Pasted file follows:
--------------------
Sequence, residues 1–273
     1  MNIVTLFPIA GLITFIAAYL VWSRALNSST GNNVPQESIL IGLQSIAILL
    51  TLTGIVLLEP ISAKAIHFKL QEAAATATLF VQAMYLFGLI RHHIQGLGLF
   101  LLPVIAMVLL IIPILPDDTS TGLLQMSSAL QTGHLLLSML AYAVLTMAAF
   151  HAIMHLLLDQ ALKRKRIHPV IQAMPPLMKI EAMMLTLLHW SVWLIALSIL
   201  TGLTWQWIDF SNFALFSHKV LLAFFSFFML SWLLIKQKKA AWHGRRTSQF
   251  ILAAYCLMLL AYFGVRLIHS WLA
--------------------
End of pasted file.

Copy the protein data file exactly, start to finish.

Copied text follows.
Sequence, residues 1–273
     1  MNIVTLFPIA GLITFIAAYL VWSRALNSST GNNVPQESIL IGLQSIAILL
    51  TLTGIVLLEP ISAKAIHFKL QEAAATATLF VQAMYLFGLI RHHIQGLGLF
   101  LLPVIAMVLL IIPILPDDTS TGLLQMSSAL QTGHLLLSML AYAVLTMAAF
   151  HAIMHLLLDQ ALKRKRIHPV IQAMPPLMKI EAMMLTLLHW SVWLIALSIL
   201  TGLTWQWIDF SNFALFSHKV LLAFFSFFML SWLLIKQKKA AWHGRRTSQF
   251  ILAAYCLMLL AYFGVRLIHS WLA